JOG to LE - a record breaking journey

in September 1984 by Neal Champion

 

Below is Neal Champion's account of his record breaking run from JOG to LE in September 1984.  Orginally published by Superbike magazine in November 1984.  I have copied it from Neal's own website.

Despite the fact this took place over 20 years ago I have removed the indicated speeds. 

A lot of the Highland roads have been improved, there are more fuel stations in the more rural parts and the A9 is now dual carriage way in more places.  But with higher police enforcement and cameras it is debatable this kind of time can be beaten.


A CHAMPION’S TALE

It all started after seeing a small column in the September SuperBike. Apparently Laverda RGS - mounted Tony Goulding had travelled from Land’s End to John O’Groats, a distance he measured as 930 miles (more later), in 11 hours 58 minutes (an average of over **mph).  Being a bit of a long distance, high-speed merchant myself (SuperBike published my letter recounting my 1130 mile trip from Venice to Huddersfield in one day), I decided that this was the sort of jaunt for me. What’s more, I decided that this was the sort of jaunt that SuperBike might be interested in too. A phone call later and it was all on.

The first problem was going to be petrol.  My steed (a much loved and thrashed seven-month and 15000-mile old Kawasaki Z750 Turbo) has a meagre 3.5 gallon tank and under full throttle this equates to a range of only just over 90 miles.  Considering some of the more remote parts of Scotland which I would be travelling through there was a real danger of running out of gas. S o a two-gallon can was purchased and bungeed onto the pillion seat.  Next I needed a route, so a couple of evenings were spent in with maps, tape measure and pocket calculator.  The result was a schedule listing places and possible petrol stops, and the expected distance and time of arrival.  The schedule assumed an eleven hour run.  That way I would break the record by a decent margin and also have a bit of time in hand if anything went wrong.  The biggest surprise from looking at the maps was that motorways covered less than half the distance (only about 400 miles).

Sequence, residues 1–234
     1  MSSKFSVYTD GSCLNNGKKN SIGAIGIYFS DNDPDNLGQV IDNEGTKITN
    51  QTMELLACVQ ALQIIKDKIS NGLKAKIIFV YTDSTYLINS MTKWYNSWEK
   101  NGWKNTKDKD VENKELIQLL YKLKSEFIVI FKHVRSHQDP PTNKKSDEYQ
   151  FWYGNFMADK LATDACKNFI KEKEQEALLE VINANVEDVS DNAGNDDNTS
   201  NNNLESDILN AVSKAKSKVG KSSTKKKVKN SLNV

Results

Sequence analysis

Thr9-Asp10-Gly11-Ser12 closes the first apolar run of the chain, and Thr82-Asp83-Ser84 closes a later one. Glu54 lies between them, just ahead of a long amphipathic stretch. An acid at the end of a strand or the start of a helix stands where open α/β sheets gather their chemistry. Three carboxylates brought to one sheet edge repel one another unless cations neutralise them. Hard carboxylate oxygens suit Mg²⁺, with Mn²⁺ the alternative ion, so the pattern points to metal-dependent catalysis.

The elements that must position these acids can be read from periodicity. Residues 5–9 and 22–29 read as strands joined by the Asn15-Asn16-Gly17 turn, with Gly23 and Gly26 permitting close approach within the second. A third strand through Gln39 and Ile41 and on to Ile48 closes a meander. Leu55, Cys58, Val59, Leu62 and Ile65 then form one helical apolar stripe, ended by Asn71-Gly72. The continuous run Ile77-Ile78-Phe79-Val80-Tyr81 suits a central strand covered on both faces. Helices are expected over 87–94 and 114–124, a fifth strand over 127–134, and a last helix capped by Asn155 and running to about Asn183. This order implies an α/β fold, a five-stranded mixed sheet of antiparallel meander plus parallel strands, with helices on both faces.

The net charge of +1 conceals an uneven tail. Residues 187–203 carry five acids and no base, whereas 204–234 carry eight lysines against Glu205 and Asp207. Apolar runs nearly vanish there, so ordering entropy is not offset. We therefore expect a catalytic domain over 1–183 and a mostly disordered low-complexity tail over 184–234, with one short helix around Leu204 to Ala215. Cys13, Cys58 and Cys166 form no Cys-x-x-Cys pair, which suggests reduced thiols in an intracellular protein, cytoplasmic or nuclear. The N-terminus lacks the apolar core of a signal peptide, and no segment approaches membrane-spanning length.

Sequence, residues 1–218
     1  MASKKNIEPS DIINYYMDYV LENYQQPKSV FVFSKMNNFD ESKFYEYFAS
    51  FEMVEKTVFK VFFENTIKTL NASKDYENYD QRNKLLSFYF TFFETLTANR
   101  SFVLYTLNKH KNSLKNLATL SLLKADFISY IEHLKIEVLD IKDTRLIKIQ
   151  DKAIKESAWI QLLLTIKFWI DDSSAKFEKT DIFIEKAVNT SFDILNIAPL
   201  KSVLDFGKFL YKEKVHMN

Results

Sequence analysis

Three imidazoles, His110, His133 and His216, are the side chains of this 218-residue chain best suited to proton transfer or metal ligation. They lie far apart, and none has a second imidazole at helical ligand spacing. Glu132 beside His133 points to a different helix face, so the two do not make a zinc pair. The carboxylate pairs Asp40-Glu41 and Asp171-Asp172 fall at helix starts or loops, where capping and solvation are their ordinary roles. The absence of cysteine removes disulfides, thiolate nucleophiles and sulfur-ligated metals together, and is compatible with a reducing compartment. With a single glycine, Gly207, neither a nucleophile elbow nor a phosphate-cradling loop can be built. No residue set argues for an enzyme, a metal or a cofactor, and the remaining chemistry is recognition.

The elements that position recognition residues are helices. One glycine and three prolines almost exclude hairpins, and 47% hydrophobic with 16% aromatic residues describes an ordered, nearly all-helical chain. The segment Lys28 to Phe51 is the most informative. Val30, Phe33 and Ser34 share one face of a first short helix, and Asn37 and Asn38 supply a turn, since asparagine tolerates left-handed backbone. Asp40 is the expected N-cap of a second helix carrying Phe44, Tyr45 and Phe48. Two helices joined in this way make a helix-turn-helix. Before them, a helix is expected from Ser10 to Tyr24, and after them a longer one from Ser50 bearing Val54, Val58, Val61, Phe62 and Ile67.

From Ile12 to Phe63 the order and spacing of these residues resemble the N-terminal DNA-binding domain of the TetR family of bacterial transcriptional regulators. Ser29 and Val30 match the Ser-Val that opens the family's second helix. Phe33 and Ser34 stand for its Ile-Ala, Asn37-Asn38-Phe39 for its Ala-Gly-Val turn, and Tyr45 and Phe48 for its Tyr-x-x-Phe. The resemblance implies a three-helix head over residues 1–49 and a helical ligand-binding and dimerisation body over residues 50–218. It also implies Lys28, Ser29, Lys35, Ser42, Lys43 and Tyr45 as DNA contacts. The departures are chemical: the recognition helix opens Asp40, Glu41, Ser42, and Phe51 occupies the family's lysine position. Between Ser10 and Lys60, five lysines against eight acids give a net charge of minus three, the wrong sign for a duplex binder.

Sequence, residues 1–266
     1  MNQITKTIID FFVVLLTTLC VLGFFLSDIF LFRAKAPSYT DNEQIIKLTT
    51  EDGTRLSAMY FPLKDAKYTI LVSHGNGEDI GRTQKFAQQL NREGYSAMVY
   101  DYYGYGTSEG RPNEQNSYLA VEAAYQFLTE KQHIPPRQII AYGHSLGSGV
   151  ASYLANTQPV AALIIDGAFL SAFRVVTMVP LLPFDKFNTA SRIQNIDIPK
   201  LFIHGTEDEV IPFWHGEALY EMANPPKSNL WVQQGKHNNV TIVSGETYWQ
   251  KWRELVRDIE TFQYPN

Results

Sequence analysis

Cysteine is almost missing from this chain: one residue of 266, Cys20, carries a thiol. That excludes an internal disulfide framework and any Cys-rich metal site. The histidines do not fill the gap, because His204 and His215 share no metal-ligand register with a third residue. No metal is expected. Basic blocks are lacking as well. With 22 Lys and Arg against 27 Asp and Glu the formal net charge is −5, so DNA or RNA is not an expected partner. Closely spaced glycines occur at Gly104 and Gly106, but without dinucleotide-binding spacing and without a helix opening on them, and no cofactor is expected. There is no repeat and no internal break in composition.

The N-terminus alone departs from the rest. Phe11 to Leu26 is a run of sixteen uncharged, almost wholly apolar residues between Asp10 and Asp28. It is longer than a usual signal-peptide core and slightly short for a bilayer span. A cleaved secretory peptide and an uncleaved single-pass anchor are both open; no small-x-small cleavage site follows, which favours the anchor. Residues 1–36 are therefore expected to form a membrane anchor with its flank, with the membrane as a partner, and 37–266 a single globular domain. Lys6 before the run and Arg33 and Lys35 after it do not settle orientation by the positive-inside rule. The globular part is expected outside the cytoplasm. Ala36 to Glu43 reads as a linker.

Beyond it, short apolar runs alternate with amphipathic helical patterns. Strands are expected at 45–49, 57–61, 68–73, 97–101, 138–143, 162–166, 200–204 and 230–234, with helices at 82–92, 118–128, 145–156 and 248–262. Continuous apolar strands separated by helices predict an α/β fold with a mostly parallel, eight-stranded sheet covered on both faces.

Thus armed I headed north with a couple of friends.  The idea was that we would spend a couple of days touring round the Highlands and then I would do the run while in Scotland .  First stop was Sharples Service Station in Bolton where a pair of Metzelers finest were fitted and some super-trick 5W50 Mobil Rally Formula oil replaced the usual black muck in the crankcases.  While the front wheel was out we found that the brake pads had seen better days too.  Steve of Sharples laid me a wager – he would sell me a set of pads at trade and if I broke the record he would tear up the cheque.  What could a boy do?  Incidentally, while the tyres were being fitted Steve showed us around their stock and boy have they got a lot of tyres, Steve reckons to have every Metzeler made in stock, so if you’re having problems getting tyres, give him a bell.